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I agree with Robert Gates that these times call for the right kind of leader (The Kind of President We Need, The Washington Post” 12/3/15). However, we need to do more than to just elect the right kind of President in 2016 This is about more than party affiliation. This is about preserving our government for future generations. We all know the world has changed greatly since our Constitution was ratified 227 years ago. The fundamental principles are classic and still set the pace for how free people live. The problem is with all that has been “added” to the simple truths that we hold “self-evident”. The devil is in the details. How do we on a day-to-day basis run the federal government that assures our freedom – or loss there of?

Systems develop by design . . . or default. Our Founding Fathers designed a basic balance of power and tossed it into the future. Presidential leaders, such as George Washington and Abraham Lincoln, used their personal power of persuasion coupled with canny awareness of how to “steer the ship” through difficult times. An interesting panel of presidential biographers (Face the Nation: Web extra: Presidential book panel, 11/29/15) examined how some of our exceptional presidents shared commonalities on their motivation and the wisdom they used to get things done. However, someone should do a study of how presidents have worked to make the government “long enduring” by leading the abandonment of what was no longer needed, re-inventing what was no longer working and focusing on the system of the executive branch of the government and how effectively it functions.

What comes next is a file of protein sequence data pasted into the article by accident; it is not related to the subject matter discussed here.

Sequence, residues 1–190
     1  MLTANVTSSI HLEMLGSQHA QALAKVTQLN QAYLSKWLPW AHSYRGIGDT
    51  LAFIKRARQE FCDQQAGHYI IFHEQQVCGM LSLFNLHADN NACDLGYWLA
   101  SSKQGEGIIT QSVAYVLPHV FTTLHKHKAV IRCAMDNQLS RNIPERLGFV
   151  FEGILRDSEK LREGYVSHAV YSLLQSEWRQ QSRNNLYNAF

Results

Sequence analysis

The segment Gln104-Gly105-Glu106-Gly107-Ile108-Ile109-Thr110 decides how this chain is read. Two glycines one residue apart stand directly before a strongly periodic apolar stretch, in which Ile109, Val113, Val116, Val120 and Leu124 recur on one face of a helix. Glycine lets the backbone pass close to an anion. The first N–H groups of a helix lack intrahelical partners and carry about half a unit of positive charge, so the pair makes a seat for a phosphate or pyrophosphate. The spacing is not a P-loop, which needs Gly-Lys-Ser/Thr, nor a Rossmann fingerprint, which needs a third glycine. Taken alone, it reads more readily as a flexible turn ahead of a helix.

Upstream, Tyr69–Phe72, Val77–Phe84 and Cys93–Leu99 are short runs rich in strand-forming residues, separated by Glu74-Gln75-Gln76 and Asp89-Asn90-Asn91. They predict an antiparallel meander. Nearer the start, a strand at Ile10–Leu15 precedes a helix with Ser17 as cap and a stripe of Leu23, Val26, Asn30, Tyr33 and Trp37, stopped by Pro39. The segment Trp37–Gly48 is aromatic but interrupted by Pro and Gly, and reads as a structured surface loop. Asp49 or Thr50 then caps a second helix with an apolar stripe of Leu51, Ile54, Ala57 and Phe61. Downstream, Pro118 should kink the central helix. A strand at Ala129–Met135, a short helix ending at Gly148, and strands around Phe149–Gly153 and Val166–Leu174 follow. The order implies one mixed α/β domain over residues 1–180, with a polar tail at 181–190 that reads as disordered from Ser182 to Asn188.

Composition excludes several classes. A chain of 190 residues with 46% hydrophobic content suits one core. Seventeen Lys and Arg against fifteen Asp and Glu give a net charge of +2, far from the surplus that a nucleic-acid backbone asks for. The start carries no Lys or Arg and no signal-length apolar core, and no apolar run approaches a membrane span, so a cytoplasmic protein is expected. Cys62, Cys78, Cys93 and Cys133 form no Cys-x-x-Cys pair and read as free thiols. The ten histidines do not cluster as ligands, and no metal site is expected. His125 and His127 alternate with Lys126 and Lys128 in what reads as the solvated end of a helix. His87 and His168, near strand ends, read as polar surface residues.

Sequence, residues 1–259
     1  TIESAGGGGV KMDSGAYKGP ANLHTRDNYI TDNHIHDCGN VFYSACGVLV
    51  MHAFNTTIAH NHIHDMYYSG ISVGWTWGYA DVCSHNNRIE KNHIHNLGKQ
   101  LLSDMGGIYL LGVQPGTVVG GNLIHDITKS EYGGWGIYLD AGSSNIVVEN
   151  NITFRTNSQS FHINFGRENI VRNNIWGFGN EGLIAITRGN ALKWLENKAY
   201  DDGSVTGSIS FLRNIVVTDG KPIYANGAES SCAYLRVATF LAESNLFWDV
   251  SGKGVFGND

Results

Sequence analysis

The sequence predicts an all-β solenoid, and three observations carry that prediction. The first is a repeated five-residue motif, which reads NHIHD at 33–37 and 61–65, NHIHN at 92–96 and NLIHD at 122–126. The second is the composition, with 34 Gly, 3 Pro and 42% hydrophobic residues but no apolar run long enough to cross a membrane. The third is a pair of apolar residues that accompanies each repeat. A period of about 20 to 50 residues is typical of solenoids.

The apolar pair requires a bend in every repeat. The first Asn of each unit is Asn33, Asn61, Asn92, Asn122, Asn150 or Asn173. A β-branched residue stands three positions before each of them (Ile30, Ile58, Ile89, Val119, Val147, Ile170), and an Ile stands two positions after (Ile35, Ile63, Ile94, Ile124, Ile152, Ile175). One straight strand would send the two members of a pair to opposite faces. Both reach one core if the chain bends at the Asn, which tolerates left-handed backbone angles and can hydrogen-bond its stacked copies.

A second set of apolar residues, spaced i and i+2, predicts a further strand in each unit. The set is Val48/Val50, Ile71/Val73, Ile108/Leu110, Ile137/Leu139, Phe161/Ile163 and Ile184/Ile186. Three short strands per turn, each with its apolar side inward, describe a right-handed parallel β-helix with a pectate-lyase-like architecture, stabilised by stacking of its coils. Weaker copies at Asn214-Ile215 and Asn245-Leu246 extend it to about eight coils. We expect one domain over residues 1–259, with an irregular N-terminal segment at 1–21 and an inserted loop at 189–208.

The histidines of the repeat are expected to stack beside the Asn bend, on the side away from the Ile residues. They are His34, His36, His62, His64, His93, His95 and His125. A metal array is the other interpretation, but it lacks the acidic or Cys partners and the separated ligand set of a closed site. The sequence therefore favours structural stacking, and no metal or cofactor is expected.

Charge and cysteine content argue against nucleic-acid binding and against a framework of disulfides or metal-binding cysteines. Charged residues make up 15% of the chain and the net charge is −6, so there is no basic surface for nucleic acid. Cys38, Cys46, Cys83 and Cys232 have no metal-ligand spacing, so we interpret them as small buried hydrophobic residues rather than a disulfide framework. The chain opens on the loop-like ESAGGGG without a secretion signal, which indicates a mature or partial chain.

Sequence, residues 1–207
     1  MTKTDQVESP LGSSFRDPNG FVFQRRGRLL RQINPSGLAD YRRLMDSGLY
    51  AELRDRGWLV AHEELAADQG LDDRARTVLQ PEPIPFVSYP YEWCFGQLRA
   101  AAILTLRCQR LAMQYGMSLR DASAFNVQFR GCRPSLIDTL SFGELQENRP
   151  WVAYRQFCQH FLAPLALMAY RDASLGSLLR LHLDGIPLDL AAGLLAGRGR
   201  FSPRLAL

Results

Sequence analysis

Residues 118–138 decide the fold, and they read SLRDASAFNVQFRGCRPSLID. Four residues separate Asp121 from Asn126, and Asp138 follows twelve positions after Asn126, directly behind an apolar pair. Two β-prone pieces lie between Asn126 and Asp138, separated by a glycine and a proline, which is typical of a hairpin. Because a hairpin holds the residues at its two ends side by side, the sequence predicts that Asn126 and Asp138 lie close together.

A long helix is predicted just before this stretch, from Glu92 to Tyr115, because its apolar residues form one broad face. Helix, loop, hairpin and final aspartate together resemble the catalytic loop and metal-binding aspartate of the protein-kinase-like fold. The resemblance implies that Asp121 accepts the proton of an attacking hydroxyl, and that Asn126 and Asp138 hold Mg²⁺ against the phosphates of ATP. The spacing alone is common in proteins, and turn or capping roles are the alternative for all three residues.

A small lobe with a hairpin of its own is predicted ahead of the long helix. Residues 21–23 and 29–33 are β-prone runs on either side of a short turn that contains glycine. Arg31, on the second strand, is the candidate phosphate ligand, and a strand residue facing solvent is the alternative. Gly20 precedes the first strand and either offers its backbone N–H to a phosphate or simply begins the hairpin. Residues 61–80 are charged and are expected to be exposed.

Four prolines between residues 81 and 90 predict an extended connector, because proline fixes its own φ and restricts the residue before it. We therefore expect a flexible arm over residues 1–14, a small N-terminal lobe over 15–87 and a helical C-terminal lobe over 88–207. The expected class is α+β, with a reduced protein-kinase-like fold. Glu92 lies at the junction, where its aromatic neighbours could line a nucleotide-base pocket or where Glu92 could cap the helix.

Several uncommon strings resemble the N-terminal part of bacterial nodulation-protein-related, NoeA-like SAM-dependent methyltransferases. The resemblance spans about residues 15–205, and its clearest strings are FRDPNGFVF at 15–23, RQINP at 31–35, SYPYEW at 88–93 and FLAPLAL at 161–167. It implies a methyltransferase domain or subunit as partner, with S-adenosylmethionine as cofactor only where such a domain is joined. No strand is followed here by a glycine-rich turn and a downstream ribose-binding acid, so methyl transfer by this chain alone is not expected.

I am not suggesting we do away with the basic premises established by our forefathers but rather re-examine over 200 years of piling on “barnacles” to the engine of how work is done. I hear presidential candidates, both Republican and Democrat, talking about “what needs to be done.” These suggestions in isolation do nothing to right the ship that is making many of us seasick. Weight is added to one side of the ship by one party - only to be counter balanced by adding something to the other side of the ship. Many of us are donning life jackets and jumping into hopeless disengagement.   As we are adrift in a system long in need of repair, the USA Ship is sinking under the weight   The abandoned ship, listing without the right captain and crew, creates a void that opportunistic power seekers can fill. The future of “we the people” is threatened.

How do we solve a systemic problem? We solve it with solutions that change how we do “the business of government.” In my experience whenever a change is suggested to the system, the harping gulls circle overhead squawking “that will never work”, “it’s never been done before”, “what a stupid idea!” They fear change – we need to embrace change. We should not embrace change just for change’s sake – we need to examine “how we have always done things” from a systems standpoint. We desperately need to evaluate our federal systems from top to bottom to determine where systemic problems are present, identify the solutions and get to work to establish a stable platform for effective government going forward. Even in the face of ISIS, global warming and whatever is the concerning topic of the day . . . nothing lasting will be achieved without “cleaning up” our federal system of government. I believe that unless we do this non-sexy, tedious work that will be ferociously fought from every corner, we will cease to exist as a world power – in fact I can feel the waves lapping over the sides of the ship as I write. . .

 Kathy Seei

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